by Michael Tennant, The New American:
President Joe Biden wants Americans to believe that his proposed increases in the Internal Revenue Service’s (IRS) budget and enforcement powers are strictly about ensuring that the rich “pay their fair share.” In reality, argues Reason’s Eric Boehm, Biden’s plan would mostly harm small businesses and households of modest means — and lead to “total financial surveillance” by the IRS.
“As part of Biden’s ‘Build Back Better’ plan,” Boehm writes,
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the IRS would get $80 billion in additional funding over the next 10 years. The bulk of those new funds, nearly $45 billion, would be directed toward enforcement actions with the goal of doubling the number of annual audits of small businesses. By comparison, the bill spends a relatively meager $1.93 billion on improving taxpayer services, including education and filing assistance.
In short, for every new dollar the IRS will spend helping Americans understand the endlessly complicated federal tax code, the agency will spend roughly $23 new dollars on enforcing those same rules. [Emphasis added.]
Needless to say, most small businesses are not owned by wealthy people. In fact, according to the Republican members of the House Ways and Means Committee, Biden’s plan would lead to an additional 1.2 million IRS audits per year, with nearly half of those targeting households earning no more than $75,000 a year. And since “the majority of underreported individual and small business income is from those making between $0 and $200,000,” Biden’s proposal will mean “more IRS shake downs of American families and small businesses,” the GOP committee members conclude.
Biden is also seeking to hire more than 80,000 new IRS agents, supposedly to crack down on super-rich tax dodgers. “It’s got a skeevy smell, given that there are only 630 Americans in the club of billionaires to target,” observes American Thinker columnist Monica Showalter. “Some 80,000 new agents would amount to 127 IRS agents per billionaire as if a couple of sharp ones couldn’t do the trick.”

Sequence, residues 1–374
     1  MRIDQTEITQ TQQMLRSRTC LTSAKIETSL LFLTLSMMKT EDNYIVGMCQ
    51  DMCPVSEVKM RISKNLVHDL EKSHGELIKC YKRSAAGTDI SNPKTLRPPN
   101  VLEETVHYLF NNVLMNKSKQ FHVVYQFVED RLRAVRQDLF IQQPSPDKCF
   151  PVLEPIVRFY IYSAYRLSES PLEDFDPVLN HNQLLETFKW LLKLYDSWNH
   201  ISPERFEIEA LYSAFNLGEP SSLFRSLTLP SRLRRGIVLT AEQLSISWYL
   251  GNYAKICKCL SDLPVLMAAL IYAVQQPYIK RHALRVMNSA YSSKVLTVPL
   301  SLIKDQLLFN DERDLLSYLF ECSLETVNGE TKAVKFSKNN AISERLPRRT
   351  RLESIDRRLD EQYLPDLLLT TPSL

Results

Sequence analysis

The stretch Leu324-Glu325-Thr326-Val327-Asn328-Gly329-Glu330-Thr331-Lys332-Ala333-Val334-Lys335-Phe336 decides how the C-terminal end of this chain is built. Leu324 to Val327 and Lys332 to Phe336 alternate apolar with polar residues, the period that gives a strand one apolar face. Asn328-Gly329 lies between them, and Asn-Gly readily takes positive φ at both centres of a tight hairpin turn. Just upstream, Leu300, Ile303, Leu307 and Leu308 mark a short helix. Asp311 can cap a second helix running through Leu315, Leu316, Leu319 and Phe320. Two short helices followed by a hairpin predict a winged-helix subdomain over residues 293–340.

Even more alarming is Biden’s proposal to “ask just for two pieces of information from the banks of” the super-rich who allegedly aren’t paying all they owe, the president said in September. Those “two pieces of information,” he explained, are “the amounts that come into their bank accounts and what amounts go out of their bank accounts.” In other words, the IRS should know the details of every penny earned and every penny spent.
In Biden’s world, such awesome power in the hands of federal bureaucrats is an instrument of unmitigated good. In the real world, however, it is likely to empower an already bungling and corrupt agency to further violate Americans’ constitutional rights.
On the one hand, the IRS can’t keep track of its own computers, and it has been known to rehire hundreds of people who were previously fired with just cause. On the other, it has been repeatedly used to attack presidents’ political opponents, most infamously under Richard Nixon and Barack Obama; and, among many other abuses, it has frequently failed to inform targets of its investigations of their Miranda rights before questioning them.
Biden isn’t just looking to snoop into traditional bank accounts, notes Boehm:
As the details of his proposal make clear, enhanced tax enforcement will mean hoovering up more data from crypto wallets, bank accounts, and third-party payment providers such as PayPal and Venmo. And that comes after Biden already ordered the IRS to give greater scrutiny to transactions in the so-called sharing economy.
All of this, Boehm asserts, “amounts to total financial surveillance.”
“The administration’s proposed ‘comprehensive financial account reporting regime’ would dramatically increase the types of financial institutions and transactions exposed to the feds’ prying eyes,” writes Boehm’s colleague Matt Welch. “The new domestic surveillance program, which requires congressional approval, is one prong of a tripartite strategy for transforming the entire global financial system into a harmonious, haven-free collection funnel to the IRS.”